Develop a plan to phase out or update insecure legacy devices and operating systems, ideally over the next five years, and implement compensating controls such as network segmentation, enhanced monitoring and application whitelisting in the next 12 months to help address the near-term risk.

THEME: (providers) Lack of standard cybersecurity practices.
ACTION: Start formally aligning to a cybersecurity framework.

The report recommends that the Department of Health and Human Services (HHS) develop a health-care specific framework based on the minimum standard of security provided by the NIST Cybersecurity Framework and the HIPAA Security Rule. Health care organizations should begin now to think about how they would align their controls to the NIST CSF standard.

THEME: (manufacturers) Lack of cybersecurity focus; software development lifecycle (SDLC) gaps.
ACTION: Expand cybersecurity efforts, focus on SDLC.

Manufacturers should use the report as an opportunity to determine whether their medical device security program is adequate, given the increased attention on this area and the risks highlighted in the report. Specifically, manufacturers should be able to demonstrate clear security inclusion from new product model requirements through product retirement.

THEME: (manufacturers) Legacy systems are a hot-button issue.
ACTION: Increase activities for reducing numbers of in-use legacy devices.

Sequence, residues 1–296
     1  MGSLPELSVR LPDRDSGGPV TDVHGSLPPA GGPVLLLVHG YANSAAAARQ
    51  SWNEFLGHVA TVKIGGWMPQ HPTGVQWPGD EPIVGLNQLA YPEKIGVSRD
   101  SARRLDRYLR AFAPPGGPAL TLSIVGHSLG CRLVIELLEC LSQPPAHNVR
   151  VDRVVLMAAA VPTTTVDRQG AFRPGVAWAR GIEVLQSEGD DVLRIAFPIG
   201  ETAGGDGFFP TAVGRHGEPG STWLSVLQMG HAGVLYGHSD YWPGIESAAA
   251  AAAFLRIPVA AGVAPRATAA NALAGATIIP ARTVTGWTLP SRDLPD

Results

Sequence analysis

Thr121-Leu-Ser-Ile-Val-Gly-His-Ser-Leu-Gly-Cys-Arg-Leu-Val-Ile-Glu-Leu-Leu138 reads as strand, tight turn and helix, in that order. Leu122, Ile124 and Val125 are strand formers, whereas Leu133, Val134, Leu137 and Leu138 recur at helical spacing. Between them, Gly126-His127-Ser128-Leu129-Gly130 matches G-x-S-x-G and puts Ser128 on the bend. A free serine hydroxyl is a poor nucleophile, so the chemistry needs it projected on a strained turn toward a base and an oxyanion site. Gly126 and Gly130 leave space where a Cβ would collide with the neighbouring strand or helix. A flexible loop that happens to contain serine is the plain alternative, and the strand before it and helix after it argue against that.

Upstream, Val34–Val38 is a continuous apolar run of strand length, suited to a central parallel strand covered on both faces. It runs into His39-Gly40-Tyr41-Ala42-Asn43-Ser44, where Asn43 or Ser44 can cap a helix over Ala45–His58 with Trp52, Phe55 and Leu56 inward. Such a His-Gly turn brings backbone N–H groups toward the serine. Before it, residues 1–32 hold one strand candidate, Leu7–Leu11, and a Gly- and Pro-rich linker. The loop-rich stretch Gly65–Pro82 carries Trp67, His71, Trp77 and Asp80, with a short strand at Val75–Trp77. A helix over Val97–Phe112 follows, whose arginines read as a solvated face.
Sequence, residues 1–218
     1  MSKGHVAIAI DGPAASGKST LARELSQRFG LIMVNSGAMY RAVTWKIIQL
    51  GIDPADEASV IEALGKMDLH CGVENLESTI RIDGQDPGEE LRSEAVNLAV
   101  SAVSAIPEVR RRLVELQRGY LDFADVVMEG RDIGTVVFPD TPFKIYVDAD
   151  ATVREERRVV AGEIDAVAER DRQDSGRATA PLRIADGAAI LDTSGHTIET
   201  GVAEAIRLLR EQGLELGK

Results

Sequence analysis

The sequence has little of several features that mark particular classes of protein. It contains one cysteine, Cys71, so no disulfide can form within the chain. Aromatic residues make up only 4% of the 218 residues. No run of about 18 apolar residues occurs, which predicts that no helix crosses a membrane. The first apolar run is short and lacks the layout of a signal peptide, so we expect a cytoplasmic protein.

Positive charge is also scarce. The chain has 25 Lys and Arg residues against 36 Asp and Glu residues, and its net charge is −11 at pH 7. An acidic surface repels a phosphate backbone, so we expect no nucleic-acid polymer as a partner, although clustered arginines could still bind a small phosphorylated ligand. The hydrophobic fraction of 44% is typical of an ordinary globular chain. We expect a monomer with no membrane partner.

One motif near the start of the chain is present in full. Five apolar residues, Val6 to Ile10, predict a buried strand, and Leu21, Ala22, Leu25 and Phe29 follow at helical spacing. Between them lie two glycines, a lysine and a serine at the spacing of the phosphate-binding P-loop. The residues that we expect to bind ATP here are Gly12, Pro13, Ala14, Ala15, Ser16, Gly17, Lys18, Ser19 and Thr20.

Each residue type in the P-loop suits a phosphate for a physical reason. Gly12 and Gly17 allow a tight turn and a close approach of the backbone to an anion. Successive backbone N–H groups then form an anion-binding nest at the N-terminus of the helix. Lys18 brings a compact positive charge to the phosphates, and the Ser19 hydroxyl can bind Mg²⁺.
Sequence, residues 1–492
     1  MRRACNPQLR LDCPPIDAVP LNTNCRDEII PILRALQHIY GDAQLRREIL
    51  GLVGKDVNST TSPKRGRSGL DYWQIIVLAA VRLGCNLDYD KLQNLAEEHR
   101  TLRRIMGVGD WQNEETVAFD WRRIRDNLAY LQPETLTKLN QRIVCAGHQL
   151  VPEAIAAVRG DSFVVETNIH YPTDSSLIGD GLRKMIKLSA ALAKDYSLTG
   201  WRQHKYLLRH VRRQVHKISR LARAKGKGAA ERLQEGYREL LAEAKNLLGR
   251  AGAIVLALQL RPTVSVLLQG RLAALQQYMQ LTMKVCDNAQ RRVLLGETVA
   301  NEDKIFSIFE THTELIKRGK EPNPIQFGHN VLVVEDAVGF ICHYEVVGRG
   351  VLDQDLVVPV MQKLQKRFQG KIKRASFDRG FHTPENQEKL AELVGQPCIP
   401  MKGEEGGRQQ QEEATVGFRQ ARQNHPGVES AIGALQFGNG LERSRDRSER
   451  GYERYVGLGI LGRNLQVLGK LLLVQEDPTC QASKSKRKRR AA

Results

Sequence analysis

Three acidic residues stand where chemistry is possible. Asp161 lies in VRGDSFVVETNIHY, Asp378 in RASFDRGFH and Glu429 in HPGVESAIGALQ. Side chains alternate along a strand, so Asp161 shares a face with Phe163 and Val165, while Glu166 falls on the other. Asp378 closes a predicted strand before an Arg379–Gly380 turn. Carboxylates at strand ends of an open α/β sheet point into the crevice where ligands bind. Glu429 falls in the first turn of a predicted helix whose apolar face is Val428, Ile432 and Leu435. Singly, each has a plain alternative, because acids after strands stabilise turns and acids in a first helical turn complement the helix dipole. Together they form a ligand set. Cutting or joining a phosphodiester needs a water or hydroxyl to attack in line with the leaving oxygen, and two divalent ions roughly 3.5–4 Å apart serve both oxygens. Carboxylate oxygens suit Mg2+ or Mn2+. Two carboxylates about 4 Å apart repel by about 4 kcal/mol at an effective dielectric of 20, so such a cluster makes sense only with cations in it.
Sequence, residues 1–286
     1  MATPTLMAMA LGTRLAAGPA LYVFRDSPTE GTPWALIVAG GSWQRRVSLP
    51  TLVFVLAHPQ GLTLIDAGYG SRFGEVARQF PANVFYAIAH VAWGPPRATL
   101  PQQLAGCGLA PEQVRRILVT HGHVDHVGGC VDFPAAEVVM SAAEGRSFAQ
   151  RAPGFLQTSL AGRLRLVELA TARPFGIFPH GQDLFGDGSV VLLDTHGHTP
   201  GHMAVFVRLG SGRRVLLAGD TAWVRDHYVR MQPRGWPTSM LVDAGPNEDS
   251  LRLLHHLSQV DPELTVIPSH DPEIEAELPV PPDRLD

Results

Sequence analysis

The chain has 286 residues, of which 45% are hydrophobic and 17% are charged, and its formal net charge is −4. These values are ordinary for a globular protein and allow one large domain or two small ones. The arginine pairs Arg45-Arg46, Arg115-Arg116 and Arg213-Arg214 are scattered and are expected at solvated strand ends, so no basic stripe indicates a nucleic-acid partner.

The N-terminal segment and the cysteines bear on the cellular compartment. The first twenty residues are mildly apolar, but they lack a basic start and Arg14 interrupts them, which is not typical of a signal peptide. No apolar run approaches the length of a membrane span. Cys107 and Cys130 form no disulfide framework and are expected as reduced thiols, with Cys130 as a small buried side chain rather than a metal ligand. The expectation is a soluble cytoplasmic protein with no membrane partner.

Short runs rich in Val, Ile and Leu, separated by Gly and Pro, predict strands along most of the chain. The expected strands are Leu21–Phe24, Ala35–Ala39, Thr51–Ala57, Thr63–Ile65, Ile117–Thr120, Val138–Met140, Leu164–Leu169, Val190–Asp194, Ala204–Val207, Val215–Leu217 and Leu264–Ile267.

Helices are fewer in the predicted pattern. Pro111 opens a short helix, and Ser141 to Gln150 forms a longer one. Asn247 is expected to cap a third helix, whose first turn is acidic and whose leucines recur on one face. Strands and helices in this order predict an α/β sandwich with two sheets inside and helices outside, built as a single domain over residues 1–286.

To avoid negative impacts, manufacturers should work with healthcare providers to reduce the number of potentially compromised medical devices, through customer education and incentives.

THEME: (manufacturers) Minimum cybersecurity standards for medical devices.
ACTION: Work with industry peers to develop a standard.

We anticipate that future FDA device approvals will be contingent on meeting minimum cybersecurity standards. With the typical device development process of five to seven years, manufacturers need to collaborate now to get ahead of regulations and avoid business disruption.

The task force took a year to complete its report, and the result is a very thorough look at the challenges facing healthcare security today. Healthcare providers and medical device manufacturers would be well-served by a careful review of the report to determine how the adoption of these recommendations might affect their organizations.

Download the Protiviti flash report here.